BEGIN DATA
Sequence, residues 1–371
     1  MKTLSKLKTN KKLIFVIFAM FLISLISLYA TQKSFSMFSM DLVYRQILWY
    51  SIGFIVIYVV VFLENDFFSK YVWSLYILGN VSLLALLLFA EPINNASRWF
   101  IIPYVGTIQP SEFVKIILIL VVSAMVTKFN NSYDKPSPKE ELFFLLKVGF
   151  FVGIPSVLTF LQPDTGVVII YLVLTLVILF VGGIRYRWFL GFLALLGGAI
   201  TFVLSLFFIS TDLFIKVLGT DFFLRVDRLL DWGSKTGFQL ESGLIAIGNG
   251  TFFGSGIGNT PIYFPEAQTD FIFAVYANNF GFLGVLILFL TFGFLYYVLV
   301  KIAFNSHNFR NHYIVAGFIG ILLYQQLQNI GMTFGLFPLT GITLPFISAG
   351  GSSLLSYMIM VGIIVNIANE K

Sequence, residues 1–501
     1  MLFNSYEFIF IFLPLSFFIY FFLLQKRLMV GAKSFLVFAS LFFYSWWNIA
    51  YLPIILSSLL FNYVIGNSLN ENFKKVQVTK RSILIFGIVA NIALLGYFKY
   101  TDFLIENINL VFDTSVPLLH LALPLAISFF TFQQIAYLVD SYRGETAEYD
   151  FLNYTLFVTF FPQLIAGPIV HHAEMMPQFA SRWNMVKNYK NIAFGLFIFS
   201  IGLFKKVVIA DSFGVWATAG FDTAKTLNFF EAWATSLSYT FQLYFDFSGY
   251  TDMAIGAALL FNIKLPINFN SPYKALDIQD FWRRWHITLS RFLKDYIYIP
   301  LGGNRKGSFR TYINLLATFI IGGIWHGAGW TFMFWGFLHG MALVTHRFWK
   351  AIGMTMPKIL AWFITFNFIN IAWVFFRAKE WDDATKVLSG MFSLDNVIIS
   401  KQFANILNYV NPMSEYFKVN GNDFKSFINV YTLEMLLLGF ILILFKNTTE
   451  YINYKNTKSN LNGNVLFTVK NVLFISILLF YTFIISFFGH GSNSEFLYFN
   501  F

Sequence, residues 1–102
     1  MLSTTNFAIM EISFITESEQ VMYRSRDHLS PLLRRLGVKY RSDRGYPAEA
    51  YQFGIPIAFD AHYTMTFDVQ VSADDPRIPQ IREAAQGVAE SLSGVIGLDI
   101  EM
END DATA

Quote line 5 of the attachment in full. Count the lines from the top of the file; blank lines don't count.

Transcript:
   151  FVGIPSVLTF LQPDTGVVII YLVLTLVILF VGGIRYRWFL GFLALLGGAI